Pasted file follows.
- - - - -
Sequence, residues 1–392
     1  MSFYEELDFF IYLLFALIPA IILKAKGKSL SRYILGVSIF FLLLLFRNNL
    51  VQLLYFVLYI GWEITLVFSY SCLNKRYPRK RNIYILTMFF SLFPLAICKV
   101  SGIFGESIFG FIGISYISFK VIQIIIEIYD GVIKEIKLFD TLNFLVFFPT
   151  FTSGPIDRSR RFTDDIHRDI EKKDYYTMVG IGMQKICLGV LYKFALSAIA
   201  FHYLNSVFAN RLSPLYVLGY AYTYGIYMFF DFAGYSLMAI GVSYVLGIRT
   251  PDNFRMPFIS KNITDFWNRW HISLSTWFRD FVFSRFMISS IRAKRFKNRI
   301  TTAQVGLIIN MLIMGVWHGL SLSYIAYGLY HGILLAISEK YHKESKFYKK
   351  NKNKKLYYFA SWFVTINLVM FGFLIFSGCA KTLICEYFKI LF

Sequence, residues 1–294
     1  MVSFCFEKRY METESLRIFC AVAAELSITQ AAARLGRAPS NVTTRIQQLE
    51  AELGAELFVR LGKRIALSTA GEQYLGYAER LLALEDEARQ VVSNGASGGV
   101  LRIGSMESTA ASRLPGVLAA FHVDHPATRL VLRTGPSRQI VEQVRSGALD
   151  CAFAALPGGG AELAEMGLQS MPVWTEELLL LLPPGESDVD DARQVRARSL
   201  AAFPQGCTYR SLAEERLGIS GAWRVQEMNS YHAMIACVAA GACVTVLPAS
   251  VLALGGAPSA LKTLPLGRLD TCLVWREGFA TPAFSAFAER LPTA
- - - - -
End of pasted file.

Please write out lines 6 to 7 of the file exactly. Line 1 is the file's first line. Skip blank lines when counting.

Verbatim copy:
   201  FHYLNSVFAN RLSPLYVLGY AYTYGIYMFF DFAGYSLMAI GVSYVLGIRT
   251  PDNFRMPFIS KNITDFWNRW HISLSTWFRD FVFSRFMISS IRAKRFKNRI